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Articles » Injuries » Injuries of the upper limbs » Frozen Shoulder


Frozen Shoulder (Adhesive Capsulitis)

What it Effects

  • The capsule that surrounds the shoulder
  • The non-dominant shoulder is more commonly effected

Who it Effects

  • Women more commonly than men
  • Common between the ages of 40yrs and 60yrs

Predisposing Factors

  • Poor scapulohumeral alignment
  • Rotator cuff lesions
  • Common in people with diabetes

Signs and Symptoms

  • Pain on movement, especially towards end range movement
  • Limited range of movement
  • Pain referred down the outside of the arm
  • Night pain
  • A capsular pattern of restricted movement with most loss of lateral rotation, less of abduction and least of medial rotation
  • X-rays will show clear (can be taken to rule out arthritis of the shoulder)


  • Heat
  • Ultrasound
  • Mobilisations by a physiotherapist
  • NSAID’s
  • Exercises e.g. pulley and stick exercises
  • Stretching exercises
  • Cortisone injection into the shoulder capsule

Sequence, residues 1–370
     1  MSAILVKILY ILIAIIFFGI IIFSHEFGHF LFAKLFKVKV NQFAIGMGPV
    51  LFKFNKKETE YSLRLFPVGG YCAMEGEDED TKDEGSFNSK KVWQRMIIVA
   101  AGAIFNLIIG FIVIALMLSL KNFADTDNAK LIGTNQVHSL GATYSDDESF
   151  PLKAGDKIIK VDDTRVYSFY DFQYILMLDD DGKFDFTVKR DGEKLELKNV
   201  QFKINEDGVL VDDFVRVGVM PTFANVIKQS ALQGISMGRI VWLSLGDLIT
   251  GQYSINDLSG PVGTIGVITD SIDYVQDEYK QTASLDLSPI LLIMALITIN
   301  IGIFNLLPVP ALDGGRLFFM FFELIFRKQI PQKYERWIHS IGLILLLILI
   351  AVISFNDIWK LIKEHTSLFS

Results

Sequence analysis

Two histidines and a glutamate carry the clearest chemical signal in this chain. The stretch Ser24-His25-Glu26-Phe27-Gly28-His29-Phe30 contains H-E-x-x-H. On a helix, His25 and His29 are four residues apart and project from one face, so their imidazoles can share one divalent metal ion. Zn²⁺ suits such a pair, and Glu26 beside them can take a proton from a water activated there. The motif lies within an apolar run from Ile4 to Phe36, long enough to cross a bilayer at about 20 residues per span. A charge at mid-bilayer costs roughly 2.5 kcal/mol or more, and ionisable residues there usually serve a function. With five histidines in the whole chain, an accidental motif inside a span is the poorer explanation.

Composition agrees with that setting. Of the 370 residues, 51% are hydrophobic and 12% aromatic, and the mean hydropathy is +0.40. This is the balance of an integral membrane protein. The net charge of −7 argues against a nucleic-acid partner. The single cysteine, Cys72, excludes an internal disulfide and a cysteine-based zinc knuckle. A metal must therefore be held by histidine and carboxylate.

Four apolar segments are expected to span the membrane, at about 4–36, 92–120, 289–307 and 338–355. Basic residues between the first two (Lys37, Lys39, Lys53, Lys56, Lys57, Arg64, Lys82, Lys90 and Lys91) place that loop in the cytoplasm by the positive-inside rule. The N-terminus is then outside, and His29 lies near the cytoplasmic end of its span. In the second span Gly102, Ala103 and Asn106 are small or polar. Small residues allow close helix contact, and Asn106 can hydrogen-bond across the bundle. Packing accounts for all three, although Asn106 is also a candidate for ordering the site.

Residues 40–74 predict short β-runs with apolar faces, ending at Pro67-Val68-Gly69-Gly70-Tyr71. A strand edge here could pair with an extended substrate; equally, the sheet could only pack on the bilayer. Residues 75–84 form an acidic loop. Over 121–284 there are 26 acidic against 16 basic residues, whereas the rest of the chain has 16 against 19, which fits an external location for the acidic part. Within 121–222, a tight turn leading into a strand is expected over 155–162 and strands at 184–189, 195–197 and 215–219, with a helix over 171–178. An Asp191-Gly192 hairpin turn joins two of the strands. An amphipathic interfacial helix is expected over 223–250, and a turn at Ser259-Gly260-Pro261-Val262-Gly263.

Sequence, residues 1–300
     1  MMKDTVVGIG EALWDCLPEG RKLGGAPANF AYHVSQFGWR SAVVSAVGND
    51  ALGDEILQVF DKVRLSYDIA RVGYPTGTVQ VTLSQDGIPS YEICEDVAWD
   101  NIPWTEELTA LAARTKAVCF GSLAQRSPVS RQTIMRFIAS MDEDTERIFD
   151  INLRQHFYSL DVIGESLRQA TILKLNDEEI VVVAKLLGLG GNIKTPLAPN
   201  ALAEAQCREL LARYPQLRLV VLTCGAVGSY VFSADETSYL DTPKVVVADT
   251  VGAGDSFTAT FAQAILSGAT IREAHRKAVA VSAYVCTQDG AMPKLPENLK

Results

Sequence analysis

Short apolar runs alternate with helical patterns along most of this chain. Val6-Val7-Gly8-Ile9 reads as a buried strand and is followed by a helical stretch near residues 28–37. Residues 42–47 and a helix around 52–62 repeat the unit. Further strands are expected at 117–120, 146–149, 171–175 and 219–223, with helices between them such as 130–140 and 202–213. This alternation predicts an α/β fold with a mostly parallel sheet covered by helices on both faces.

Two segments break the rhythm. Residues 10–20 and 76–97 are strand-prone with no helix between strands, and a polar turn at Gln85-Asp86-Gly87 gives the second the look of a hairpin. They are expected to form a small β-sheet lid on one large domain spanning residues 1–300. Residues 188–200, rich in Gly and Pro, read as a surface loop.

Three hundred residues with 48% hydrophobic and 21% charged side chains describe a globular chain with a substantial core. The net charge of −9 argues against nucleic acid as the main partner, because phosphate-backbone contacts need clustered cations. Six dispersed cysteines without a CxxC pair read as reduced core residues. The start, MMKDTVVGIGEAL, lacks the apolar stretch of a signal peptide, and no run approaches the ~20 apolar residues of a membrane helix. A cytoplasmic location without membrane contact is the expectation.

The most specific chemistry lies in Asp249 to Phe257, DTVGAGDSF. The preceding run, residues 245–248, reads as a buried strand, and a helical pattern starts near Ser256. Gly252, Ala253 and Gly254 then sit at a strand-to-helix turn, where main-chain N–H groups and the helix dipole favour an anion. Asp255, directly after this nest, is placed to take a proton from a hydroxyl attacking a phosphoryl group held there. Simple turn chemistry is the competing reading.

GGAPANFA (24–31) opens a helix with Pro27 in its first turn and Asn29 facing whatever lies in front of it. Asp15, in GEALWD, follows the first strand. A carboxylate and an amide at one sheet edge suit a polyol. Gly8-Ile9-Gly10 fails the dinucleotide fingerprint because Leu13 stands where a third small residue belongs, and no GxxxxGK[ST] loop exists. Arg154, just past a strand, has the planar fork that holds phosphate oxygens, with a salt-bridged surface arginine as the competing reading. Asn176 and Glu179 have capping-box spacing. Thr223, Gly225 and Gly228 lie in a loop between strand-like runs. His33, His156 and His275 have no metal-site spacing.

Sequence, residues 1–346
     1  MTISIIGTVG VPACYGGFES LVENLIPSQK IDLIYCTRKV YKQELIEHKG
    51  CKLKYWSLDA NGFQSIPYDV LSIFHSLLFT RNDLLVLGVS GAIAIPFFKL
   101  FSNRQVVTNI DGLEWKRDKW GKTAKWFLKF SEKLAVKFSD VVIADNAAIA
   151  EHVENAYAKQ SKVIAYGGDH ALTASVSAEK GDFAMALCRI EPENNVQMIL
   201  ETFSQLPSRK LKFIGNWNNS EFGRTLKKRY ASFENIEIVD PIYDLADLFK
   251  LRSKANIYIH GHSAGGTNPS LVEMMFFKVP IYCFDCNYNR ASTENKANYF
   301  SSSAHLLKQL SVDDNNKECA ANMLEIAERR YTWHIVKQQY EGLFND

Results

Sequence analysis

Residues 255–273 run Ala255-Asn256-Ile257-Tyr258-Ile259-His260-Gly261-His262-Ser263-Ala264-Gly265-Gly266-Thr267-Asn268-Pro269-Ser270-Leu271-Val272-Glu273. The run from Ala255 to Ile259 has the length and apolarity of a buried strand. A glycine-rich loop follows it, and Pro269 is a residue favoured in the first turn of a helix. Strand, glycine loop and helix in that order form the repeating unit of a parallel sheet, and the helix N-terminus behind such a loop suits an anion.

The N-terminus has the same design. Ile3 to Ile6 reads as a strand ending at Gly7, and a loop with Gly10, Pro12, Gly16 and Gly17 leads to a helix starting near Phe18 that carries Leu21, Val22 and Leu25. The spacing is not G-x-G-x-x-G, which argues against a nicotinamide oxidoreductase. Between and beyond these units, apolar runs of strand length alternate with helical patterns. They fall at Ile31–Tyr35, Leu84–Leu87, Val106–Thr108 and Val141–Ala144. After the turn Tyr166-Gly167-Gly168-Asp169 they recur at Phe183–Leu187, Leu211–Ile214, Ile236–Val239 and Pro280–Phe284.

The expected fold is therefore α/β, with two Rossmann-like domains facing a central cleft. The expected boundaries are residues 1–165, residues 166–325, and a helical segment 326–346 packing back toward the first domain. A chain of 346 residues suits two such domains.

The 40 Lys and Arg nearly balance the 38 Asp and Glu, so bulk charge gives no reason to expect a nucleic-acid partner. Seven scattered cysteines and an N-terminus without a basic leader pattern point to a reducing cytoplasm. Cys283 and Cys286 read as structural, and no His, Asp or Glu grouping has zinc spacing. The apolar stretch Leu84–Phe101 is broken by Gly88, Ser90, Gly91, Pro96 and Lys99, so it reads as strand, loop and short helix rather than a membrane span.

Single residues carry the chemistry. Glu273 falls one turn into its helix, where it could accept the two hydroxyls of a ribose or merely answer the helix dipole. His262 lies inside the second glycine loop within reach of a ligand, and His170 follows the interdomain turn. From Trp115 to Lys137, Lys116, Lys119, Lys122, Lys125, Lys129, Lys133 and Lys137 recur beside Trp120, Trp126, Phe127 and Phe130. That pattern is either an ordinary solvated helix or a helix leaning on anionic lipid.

Additional Information

  • Frozen shoulder is characterised by adhesions and contractures in the fibrous capsule surrounding the shoulder joint. This tightening of the capsule limits the movement available at the shoulder and causes pain
  • The cause of frozen shoulder is currently unknown
  • There are three distinct phases in frozen shoulder, with the condition usually resolving within two years:
    • 1 - Freezing phase - there is a gradual loss of movement at the shoulder with some pain that then develops into a sharp pain that can disturb sleep within a couple of months. Pain is above the elbow and only on movement. The shoulder has an elastic end feel
    • 2 - Frozen phase - this phase can last for a year. The restricted range of movement continues with no improvement in range. Pain is below the elbow and constant. There is a hard end feel and the person is unable to lie on the shoulder
    • 3 - Thawing phase - this stage varies in length from six months to two years. In this phase the lost movement is gradually regained and the pain is intermittent
— Phil @ 3:43 pm, September 19, 2006

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